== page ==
Cornell University’s Student-Athlete Advisory Committee (SAAC) is holding its annual fundraiser next week featuring a spikeball tournament and a bench press challenge. This year’s theme is mental health and all proceeds will be donated to The Sophie Fund.
The “Spike for Sophie” fundraiser will take place in the Richard Ramin Multipurpose Room of Bartels Hall on December 5 from 2–4:30 p.m. The spikeball tournament is open to the whole campus, a single-elimination event with a $10 per team entry fee. Pick-up spikeball will be available. Teams, which will compete for 1st, 2nd, and 3rd place prizes, can sign up for the tournament at this link.
The event also includes “Bench Press for Sophie,” where Cornell student-athletes and coaches will raise money from their sponsors—family, friends, and professors—by bench pressing as many reps as they can—55 lbs. for women and 95 lbs. for men. The event will take place in the Friedman weight room.
There will be bench press t-shirts, sports massages ($1/minute up to 10 minutes), free food, and mental health information tables. Public Health Fellow and former Cornell football student-athlete Baba Adejuyigbe will staff the Cornell Health table. It will focus on educating students on the various mental health support services on Cornell’s campus in addition to counseling, with an emphasis on the new resources available to student-athletes. Representatives from The Sophie Fund will also host a table with information about the organization and to answer questions from students.
SAAC is the voice of student-athletes on the Cornell campus, and strives to promote a positive student-athlete experience through providing feedback to conference and national legislation on campus issues, organizing community service events, and acting as a communication line between student-athletes and campus administrators.
The NCAA Division 1 SAAC as a whole has put a focus on mental health awareness in athletics this year, so our SAAC here at Cornell took it upon ourselves to raise awareness and address the mental health issues on our campus. We believe mental health is a big and unaddressed issue in the student-athlete community at Cornell and we are committed to changing this culture.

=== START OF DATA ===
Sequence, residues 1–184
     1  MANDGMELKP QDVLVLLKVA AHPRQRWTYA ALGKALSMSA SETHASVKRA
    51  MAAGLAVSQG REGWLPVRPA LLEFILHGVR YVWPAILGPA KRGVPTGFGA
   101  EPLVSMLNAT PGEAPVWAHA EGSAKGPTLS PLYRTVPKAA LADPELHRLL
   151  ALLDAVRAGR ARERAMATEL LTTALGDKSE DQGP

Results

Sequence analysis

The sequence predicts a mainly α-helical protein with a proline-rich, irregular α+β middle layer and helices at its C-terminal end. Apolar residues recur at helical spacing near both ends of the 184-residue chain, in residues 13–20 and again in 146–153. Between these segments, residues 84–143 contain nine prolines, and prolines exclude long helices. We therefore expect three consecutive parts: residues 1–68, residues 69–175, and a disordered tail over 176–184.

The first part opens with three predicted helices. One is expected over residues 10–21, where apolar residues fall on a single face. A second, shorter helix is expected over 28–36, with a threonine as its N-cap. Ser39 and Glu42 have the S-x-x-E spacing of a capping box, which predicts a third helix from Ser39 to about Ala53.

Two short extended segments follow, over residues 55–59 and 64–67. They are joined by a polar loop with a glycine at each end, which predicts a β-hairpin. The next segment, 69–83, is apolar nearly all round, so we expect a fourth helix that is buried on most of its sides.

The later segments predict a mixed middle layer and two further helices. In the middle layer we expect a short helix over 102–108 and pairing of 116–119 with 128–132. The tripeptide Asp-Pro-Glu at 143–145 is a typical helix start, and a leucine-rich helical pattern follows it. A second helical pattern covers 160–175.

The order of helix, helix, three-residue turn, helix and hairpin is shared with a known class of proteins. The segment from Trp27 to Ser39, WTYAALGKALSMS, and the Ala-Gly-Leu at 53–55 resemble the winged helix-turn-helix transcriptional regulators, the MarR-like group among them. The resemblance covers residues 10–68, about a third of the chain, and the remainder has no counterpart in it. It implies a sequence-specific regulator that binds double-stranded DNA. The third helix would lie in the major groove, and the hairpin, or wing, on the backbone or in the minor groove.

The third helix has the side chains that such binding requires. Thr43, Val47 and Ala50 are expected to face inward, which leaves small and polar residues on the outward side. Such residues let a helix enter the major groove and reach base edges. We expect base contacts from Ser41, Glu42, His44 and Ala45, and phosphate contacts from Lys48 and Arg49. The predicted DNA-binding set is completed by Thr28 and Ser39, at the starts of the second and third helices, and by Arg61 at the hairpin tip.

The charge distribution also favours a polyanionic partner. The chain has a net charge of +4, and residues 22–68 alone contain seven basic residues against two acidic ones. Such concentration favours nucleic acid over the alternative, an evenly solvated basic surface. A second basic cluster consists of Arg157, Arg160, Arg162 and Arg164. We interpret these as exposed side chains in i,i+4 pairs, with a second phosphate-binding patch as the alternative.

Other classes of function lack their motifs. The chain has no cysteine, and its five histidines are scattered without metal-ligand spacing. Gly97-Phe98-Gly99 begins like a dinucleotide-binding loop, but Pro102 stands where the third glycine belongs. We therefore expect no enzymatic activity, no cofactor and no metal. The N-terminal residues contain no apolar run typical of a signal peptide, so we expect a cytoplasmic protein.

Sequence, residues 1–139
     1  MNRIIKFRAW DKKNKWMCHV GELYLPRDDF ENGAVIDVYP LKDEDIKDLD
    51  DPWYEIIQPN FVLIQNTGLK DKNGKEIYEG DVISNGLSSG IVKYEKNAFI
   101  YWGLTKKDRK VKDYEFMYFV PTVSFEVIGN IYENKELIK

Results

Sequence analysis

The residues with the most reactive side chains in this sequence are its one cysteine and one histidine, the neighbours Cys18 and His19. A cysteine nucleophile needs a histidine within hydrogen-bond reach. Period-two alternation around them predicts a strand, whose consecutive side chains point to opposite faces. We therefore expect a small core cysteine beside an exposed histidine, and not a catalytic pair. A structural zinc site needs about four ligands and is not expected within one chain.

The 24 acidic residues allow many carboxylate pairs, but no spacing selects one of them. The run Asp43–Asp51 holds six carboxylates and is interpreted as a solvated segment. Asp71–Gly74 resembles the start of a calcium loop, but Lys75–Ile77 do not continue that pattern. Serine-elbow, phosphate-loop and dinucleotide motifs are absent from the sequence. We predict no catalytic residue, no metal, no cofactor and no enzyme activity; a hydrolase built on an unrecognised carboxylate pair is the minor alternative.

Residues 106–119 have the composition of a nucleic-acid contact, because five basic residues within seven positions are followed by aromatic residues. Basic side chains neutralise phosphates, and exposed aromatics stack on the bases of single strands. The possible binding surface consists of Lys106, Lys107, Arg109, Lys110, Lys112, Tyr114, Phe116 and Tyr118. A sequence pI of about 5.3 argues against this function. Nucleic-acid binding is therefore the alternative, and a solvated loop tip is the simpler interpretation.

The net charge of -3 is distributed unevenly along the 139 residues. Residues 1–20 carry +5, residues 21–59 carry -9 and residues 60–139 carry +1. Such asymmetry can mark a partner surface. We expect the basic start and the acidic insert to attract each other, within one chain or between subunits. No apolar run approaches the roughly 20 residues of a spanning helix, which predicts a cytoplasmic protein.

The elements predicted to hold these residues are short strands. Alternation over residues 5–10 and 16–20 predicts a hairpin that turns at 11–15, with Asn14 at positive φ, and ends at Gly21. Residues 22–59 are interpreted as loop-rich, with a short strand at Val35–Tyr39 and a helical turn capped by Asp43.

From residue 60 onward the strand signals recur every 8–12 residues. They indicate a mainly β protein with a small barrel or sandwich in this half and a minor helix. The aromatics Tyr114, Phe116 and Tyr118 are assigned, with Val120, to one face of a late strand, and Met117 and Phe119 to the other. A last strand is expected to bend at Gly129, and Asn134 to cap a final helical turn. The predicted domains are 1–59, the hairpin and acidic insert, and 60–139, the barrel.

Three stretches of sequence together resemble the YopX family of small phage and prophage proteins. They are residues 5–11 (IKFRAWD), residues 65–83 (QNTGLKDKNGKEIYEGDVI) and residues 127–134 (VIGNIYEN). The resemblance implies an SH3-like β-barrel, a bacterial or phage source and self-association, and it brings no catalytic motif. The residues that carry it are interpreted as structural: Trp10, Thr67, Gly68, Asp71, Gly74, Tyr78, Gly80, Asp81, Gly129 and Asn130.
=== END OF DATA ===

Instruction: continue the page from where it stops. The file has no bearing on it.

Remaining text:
Student-athletes face all the struggles of a normal student at Cornell, in addition to the time restraints of practices and workouts. Although student-athletes have superior time management skills, it is very common to feel extremely overwhelmed. Additionally, we constantly deal with the pressures of performance on a daily basis, which can take a toll on the mind.
National surveys show that more than 30 percent of student-athletes have experienced overwhelming anxiety. And 30 percent of college students reported feeling so down at some point during the previous year that it was difficult to function. A lot of student-athletes feel the pressure to be perfect all of the time, and the false perception equating mental toughness to mental health creates a negative stigma and culture where student-athletes are less likely to seek help. Student-athletes also deal with injuries, which can lead to a recovery process that is extremely taxing mentally. While being an athlete is not our sole purpose in life, it is still a huge part of our identity. Injuries can take this away from athletes, being unable to train with your team or compete in the sport you have dedicated so much of your life toward.
One in four college students has a diagnosable mental illness. Student-athletes in particular have reported 2 percent higher rates of stress than non-student-athletes. Mental health is a key component of athletic performance. As student-athletes, it is important to understand that mental toughness and mental health are separate ideals. Seeking resources is an act of strength, not a sign of weakness. With everyone’s help, we can decrease stigma around mental health and bring resources to create a culture of acceptance.
This is the message we strive to send with our #DontBearItAlone campaign. We were inspired by mental health initiatives such as #damworthit and #powe6fulminds launched at schools and Division 1 conferences around the country. Our #DontBearItAlone campaign aims to raise awareness and continue the conversation around mental health support on Cornell’s campus, with an emphasis on the unique struggles and support needed for the athletic community. This fall, we started hosting mental health awareness games through #DontBearItAlone in which athletes wear green attire such as shoelaces or ribbons in support of mental health. These games also have tables to give out mental health information, and educate students and other audience members on where to find support on campus.
SAAC’s mental health effort is in conjunction with all of the work that Cornell Minds Matter (CMM) and other campus organizations have been doing for years. They work closely with administration, faculty, staff, and students to help decrease the stigma surrounding mental health, increase awareness of this important public health problem, and improve existing frameworks surrounding support systems. SAAC focuses on raising awareness within the athletic community in particular, but we work together with other student organizations on campus to make our voice and our efforts stronger. “Spike For Sophie” is co-sponsored by CMM, the Spikeball Club, Athlete Ally (LGBTQ+ inclusion in sports), and the Red Key Athlete Honors Society.
—By Morgan Chall and Jenna Phelps
Morgan Chall ’19, a varsity gymnast, is co-president of Cornell University’s Student-Athlete Advisory Committee (SAAC) and the NCAA Ivy League SAAC Representative. She is a student in Global and Public Health Sciences.
Jenna Phelps ’20, a volleyball middle blocker, is the SAAC public relations chair. She is a student in applied economics and management.
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